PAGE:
Student Spotlight: Terri Mitchell

Recent Graduates Earns Degree After 22 years of Study

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As a recreational athlete who has ran three marathons, Terri Mitchell (’12 management and human resources) knows the familiar phrase “slow and steady wins the race.”

Her best understanding of it, however, has been in the classroom not the running track.

The Diamond Bar resident – who was a single mother for many years -- waited until her only child was fully grown before she even attempted to go to college. Then, the demands of her job only allowed her to take one class at a time. Undeterred, Mitchell kept her pace until, 22 years later, she earned her business degree. Dean Richard Lapidus was so moved by her perseverance and determination that he shared Mitchell’s life story during his Commencement address.

Shortly after graduation, Mitchell talked with Public Information Officer Marisa Demers about her long, but purposeful, journey to achieving her goals.

Why did you decide in your 40s to start pursuing a college degree? 

Mitchell: My girlfriend and I decided to take a golf class at Crafton Community College in Yucaipa in an effort to better ourselves. I received an A in the class which gave me a confidence boost. Working in the aerospace industry, I interface with engineers, all of whom are college graduates, and my confidence level wasn’t the highest. Getting an A erased the insecurity of never having gone to college. Classes were also affordable so I thought “Why not get back in the groove of learning?” I continued taking one class at a time.

Even taking one class at a time, I faced struggles. I transferred to Los Angeles – near LAX – for work and the commute to Cal Poly Pomona would be exhausting. I would arrive to class on time but be dead tired. I would tell my husband on occasion that I didn’t want to go to class but he would tell me I could do it, so I would go. As soon as the professor started lecturing I would perk up.  

Did you encounter any other roadblocks in pursuing your dream? 

Mitchell: At the beginning of my college career, I had to overcome test anxiety and my fear of public speaking. I would take some tests at the beginning of my college career, and my nerves would overtake me so much that my mind would go blank and then I would run out of time taking the test. I knew I had to take control of this. So, I consistently studied for my tests, sometimes reading the assignments three times and devoting 16 hours of study time on the weekends. With patience and perseverance I would get the best grades I could --not always A’s but still very good.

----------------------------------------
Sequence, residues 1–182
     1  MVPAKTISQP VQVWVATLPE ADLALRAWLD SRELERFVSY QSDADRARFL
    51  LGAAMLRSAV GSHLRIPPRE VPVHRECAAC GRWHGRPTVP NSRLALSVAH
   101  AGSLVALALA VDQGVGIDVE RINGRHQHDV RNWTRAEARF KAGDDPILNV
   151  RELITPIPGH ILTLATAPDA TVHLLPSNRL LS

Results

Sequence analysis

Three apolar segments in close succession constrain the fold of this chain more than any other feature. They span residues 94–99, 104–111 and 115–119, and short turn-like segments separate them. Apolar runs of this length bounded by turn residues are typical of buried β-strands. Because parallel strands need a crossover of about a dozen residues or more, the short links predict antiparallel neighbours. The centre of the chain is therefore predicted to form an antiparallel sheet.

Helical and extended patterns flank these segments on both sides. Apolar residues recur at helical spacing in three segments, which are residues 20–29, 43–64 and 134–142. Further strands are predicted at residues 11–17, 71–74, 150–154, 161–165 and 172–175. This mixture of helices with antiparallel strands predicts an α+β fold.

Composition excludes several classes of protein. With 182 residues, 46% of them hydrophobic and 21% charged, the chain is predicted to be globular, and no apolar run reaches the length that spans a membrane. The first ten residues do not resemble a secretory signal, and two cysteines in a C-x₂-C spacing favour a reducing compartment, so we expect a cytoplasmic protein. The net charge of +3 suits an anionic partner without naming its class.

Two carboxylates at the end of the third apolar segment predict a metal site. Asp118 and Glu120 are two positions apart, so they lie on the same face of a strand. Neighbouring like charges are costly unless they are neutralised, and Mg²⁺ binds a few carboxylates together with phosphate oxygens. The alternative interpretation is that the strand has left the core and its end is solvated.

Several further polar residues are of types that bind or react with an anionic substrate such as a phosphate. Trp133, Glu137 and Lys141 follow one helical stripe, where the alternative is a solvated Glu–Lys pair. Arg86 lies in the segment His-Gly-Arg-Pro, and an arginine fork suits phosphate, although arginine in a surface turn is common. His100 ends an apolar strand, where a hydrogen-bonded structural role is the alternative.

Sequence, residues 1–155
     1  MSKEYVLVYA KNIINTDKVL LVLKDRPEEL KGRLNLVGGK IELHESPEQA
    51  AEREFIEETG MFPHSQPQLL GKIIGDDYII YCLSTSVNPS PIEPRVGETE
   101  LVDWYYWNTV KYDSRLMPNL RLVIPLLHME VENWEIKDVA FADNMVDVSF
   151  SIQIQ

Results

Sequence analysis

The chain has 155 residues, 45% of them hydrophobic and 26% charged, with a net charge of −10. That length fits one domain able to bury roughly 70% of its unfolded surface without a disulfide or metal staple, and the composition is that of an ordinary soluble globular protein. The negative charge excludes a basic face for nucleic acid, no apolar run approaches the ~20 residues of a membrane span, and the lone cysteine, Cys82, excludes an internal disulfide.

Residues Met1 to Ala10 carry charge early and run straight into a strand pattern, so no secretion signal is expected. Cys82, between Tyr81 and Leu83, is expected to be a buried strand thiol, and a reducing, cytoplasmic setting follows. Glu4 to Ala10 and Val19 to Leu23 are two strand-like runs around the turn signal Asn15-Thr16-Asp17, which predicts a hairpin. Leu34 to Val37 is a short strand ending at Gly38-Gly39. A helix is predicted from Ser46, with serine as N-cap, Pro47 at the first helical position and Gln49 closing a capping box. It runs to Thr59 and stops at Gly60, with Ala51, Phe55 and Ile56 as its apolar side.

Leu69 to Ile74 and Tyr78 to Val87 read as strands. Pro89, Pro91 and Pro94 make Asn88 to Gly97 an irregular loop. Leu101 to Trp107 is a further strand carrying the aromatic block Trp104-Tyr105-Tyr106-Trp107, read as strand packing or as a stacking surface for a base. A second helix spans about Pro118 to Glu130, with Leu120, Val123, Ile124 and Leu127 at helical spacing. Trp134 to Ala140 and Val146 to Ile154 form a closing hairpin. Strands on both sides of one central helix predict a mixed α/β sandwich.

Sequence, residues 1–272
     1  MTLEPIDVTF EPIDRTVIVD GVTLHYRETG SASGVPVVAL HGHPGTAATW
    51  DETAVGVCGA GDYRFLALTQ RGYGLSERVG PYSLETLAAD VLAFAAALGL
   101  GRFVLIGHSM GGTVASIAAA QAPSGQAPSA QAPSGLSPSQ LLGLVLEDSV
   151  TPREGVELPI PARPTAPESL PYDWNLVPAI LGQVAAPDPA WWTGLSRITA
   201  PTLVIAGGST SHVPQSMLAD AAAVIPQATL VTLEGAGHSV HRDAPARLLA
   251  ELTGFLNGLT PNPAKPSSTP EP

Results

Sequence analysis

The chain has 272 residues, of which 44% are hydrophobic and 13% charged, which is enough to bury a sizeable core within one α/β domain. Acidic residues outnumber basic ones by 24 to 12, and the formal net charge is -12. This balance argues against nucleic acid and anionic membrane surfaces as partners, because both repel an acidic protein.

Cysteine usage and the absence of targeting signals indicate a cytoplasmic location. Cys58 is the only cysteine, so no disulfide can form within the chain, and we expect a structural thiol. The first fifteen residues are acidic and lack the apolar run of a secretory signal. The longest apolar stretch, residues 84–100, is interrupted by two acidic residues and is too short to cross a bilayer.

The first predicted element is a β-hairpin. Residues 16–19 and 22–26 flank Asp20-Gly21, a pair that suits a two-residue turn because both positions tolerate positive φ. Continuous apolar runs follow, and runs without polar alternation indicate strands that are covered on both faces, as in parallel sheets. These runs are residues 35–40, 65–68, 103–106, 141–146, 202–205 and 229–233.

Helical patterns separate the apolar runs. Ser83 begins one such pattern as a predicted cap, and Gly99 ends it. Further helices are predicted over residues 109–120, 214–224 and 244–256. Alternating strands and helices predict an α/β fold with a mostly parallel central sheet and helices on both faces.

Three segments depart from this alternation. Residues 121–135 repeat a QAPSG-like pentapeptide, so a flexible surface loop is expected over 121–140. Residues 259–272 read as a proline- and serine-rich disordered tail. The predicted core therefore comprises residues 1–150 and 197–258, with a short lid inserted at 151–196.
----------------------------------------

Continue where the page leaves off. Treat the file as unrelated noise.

My fear of public speaking was a little more difficult to deal with.  I would get sick to my stomach the day before and the day of my presentations and it got so bad that a student told me: “Terri you looked like you were having a heart attack.” After practice and more practice and knowing my material, I persisted with my efforts to overcome this obstacle.

What advice do you have for nontraditional age students who want to go to college?

Mitchell: You can almost do anything if you set your mind to it.  Getting my college degree was a good journey, not only of learning, but of finding the motivation to excel, overcome my fears and build my self-confidence. The benefits quickly paid off as I used my management studies to better deal with workplace issues.

I also realized almost all professors have a congenial way about them, and they have time to listen and help with student problems.  Professors do motivate students’ ideas toward higher ones.  

Now that you are a college graduate, what are your plans?

Mitchell: I miss school already.  I was so disciplined in doing my homework with the help of my husband for so many years.  He would do all our chores, so I could focus on my studies.  I guess I will have to help with the chores now.  So sad.  I have three more years until I retire from Northrop Grumman which will give me 28 years with the aerospace industry.   I do want to enjoy some free time with my husband who is retired, but I would also love to volunteer at Cal Poly Pomona and offer my life lessons and skills with the MHR department or library.  Getting to know the Cal Poly Pomona community, which during my colleges years I did not have the time, would be wonderful.

2012-07-31